‘Boris island’ is an unfundable white elephant, says boss of Dubai airport

Paul Griffiths, the British boss of Dubai airport, one of the world’s fastest growing airports in the world,  says Boris’s proposal for an £80 billion, 4-runway hub in the Thames Estuary is “unfundable” and a potential white elephant.  (He wants a Heathrow 3rd runway instead, of course). Of the Thames airport plan, he said it requires all  the expense of investing in the project without the productivity arising from it, and at the same time you are forcing other airports in the London system to stop growing.  Fundamentally, he said, the location of the estuary is wrong, and though transport links to it would be hugely expensive, the airport would not be used.  “Many cities have built large airports out of town and as a result have constructed white elephants because they are not successful. Montreal is a very good example.”He will say more at an AOA conference on October 22-23.



‘Boris island’ is an unfundable white elephant, says boss of Dubai airport

‘Unfundable’: The boss of Dubai airport urges a third Heathrow runway
12.10.2012  (Evening Standard)
The British boss of one of the world’s fastest growing airports says Boris Johnson’s proposal for an £80 billion, four-runway hub in the Thames Estuary is “unfundable” and a potential white elephant.

Paul Griffiths, who runs Dubai airport, urged the Government to back a third runway at Heathrow because “Boris island” cannot be built in time to tackle the South-East’s aviation crisis.

He contrasted Heathrow — which is near full capacity at 68 million passengers annually — with Dubai, which by 2014 will have doubled capacity to 90 million passengers and is set to become the world’s largest hub by 2018 thanks to pro-aviation government policy.

He told the Standard: “It shows how far behind the UK is likely to continue to trail in the industry.

“Heathrow needs to be expanded now because of the immediate pressure on growth. Maybe Boris island is the solution for the future but I don’t think it is possible to build it in time. You’ve got all the expense of investing in that project without the productivity arising from it and at the same time you are forcing airports in the London system to become ex growth.”

Mr Griffiths, who moved from Gatwick airport to the Middle East, will be a speaker at the Airport Operators’ Association conference in London on October 22-23.

His comments will be a setback to the Mayor, who in a keynote speech last week insisted that a new island site is the main solution to the looming “economic catastrophe” in the region’s clogged skies. Mr Griffiths said the standoff between Mr Johnson and the Government, which has commissioned an aviation report to be published after the election, was “very sad”.

He believes there are three major obstacles to the Boris island concept: it is “unfundable”, it would damage the environment and also the rail and road links would be hugely expensive.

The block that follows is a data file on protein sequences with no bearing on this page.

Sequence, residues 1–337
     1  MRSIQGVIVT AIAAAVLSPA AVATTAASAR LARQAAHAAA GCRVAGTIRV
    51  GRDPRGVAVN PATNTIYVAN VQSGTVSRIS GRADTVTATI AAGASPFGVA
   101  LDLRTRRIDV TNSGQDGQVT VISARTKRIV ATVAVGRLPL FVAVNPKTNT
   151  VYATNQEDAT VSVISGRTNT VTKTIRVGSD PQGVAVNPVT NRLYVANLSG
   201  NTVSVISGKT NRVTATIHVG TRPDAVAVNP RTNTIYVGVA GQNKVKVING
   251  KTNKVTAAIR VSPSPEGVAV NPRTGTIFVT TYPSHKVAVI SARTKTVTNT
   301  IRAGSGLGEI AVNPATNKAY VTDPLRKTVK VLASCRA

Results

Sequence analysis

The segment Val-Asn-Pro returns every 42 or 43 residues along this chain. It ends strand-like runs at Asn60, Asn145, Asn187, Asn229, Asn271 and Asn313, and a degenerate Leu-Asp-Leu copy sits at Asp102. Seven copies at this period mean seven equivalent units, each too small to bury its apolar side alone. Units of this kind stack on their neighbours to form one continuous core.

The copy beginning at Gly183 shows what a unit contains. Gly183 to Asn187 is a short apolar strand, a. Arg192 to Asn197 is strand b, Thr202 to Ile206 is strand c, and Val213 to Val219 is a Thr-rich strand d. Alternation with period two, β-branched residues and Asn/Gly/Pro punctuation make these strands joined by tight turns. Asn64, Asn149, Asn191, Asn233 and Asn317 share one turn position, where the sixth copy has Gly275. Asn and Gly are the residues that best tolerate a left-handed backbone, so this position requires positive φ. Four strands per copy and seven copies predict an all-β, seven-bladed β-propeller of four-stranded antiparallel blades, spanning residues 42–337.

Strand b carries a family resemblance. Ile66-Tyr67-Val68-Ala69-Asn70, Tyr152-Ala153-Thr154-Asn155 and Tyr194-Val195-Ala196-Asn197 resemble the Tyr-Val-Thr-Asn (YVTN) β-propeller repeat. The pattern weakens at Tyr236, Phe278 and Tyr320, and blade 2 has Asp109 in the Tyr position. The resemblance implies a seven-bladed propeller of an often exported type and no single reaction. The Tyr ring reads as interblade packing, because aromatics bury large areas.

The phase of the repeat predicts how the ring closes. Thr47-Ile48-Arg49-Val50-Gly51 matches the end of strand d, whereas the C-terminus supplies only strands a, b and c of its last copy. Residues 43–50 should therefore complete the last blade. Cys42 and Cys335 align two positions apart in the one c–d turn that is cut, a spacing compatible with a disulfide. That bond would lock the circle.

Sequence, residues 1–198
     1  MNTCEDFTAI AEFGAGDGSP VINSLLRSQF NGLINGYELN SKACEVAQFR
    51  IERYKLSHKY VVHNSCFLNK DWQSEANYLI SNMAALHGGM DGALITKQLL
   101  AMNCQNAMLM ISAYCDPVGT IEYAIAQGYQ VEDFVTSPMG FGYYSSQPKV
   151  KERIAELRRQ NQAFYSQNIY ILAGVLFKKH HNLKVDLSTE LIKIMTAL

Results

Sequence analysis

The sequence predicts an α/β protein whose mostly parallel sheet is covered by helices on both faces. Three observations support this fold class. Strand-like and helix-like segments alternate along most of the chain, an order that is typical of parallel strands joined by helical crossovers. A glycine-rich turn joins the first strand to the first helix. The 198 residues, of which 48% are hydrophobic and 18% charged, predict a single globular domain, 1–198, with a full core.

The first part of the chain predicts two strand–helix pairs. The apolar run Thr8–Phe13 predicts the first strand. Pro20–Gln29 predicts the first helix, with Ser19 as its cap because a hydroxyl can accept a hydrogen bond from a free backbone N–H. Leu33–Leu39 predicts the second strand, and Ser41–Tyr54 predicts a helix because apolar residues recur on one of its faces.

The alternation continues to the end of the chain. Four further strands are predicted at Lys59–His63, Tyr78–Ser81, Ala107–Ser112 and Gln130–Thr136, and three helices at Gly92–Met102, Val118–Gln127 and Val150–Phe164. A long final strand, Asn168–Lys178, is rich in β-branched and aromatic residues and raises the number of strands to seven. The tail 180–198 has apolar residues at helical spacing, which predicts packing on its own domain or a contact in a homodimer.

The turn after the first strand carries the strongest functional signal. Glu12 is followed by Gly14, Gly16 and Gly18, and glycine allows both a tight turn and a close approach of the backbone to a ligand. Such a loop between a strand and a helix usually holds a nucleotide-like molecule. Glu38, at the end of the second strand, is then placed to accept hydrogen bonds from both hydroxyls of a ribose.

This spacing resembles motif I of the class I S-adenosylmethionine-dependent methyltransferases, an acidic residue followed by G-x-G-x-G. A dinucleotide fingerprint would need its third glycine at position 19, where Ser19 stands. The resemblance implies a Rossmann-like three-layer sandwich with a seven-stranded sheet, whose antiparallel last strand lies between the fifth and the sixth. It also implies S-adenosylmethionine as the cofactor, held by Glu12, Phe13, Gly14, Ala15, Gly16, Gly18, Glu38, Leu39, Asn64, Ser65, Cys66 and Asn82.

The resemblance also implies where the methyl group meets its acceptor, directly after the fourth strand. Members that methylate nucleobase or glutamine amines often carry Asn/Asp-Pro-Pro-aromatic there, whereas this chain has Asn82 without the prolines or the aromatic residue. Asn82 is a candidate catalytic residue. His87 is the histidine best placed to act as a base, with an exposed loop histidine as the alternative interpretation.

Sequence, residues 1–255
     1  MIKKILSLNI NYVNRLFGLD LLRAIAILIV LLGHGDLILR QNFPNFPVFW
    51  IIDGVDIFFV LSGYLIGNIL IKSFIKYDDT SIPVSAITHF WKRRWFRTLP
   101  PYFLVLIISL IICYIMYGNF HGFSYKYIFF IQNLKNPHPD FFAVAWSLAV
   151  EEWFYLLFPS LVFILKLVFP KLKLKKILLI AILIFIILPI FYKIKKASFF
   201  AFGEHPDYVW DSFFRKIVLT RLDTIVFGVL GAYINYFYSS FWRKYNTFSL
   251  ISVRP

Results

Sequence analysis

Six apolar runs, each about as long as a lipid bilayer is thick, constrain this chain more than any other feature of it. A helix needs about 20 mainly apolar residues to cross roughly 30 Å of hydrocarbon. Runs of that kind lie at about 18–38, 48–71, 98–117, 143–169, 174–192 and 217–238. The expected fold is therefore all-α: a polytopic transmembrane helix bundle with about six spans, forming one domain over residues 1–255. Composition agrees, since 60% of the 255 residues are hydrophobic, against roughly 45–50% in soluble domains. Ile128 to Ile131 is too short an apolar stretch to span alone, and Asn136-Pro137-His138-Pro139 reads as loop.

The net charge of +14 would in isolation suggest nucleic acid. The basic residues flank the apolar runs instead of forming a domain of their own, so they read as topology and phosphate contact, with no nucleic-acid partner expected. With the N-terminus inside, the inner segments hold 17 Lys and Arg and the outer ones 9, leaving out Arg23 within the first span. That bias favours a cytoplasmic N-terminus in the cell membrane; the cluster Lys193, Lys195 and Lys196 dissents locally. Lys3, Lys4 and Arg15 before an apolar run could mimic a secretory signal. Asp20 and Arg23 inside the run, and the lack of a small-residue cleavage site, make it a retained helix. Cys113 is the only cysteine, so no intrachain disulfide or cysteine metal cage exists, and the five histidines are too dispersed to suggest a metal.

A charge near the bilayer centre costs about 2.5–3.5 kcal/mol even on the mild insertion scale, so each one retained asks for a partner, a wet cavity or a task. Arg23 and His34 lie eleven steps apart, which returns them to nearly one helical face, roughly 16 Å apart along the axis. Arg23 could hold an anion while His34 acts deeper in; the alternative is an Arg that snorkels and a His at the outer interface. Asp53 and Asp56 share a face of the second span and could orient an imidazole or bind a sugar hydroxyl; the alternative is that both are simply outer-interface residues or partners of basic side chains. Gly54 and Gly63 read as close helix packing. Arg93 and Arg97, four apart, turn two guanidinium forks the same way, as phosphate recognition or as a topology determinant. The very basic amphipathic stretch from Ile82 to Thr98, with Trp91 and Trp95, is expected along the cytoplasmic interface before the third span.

“The success of an airport is mostly down to its location and ground transport,” he said.

“Many cities have built large airports out of town and as a result have constructed white elephants because they are not successful. Montreal is a very good example.” (see info on Montreal airport below).

He said more capacity could be created from Heathrow’s two runways by introducing night flights, changing the flight profile of planes and operating runways more flexibly. “The capacity can be increased without actually taking any more landings,” he added.






More about Montreal Mirabel airport:

on Wikipedia at http://en.wikipedia.org/wiki/Montr%C3%A9al-Mirabel_International_Airport


North America’s Largest Airport

from http://www.cracked.com/article_19617_the-6-most-mind-blowing-modern-ghost-towns_p2.html

Via Wikipedia

Montreal-Mirabel International Airport was the largest airport ever envisioned, with a planned surface area of 397 square kilometers. That’s larger than Montrealthe city that it served.

Via Wikimedia Commons
The first thing cut from the plans was “restraint.”

It was designed to handle 50 million passengers a year. There was a subway system just for the airport, a high-speed rail system to and from the city and underground roads that led directly to the terminals themselves. If it sounds lavish, it was: Initial price tags were estimated at about a billion dollars.

The airport opened in 1975, just in time for the Summer Olympics being held in Montreal. And everything was great!

Until the Olympics ended.

Then the government realized that their projections of passengers flying into Montreal were way, way off.

Via Designkultur.wordpress.com

Canada tried to save the airport by requiring all international flights for the city to land at Montreal-Mirabel, rather than the current (and much more conveniently located) Dorval Airport. The international response? Everybody shrugged and collectively decided: “Eh, we could do without Montreal.” Most flights decided to skip the city entirely, and headed to Toronto instead.

Via Designkultur.wordpress.com
“Wait! No, we were just kidding, eh!”

Today, only a small part of Montreal-Mirabel still functions … as a cargo airport. The rest is either empty or has been sold off to private parties. Which turns out to have been a good thing, as for once the investors saw something as cool as an abandoned airport and didn’t think “condos” or “private landing strip”; they thought “Hey, let’s go play there.” The passenger terminal area has been turned into a racetrack, complete with defensive driving classes and a go-kart school, and there’s talk of transforming the rest into a giant space/water park, which we didn’t even know was a thing before this sentence, but have now dedicated our entire lives to bringing about its culmination.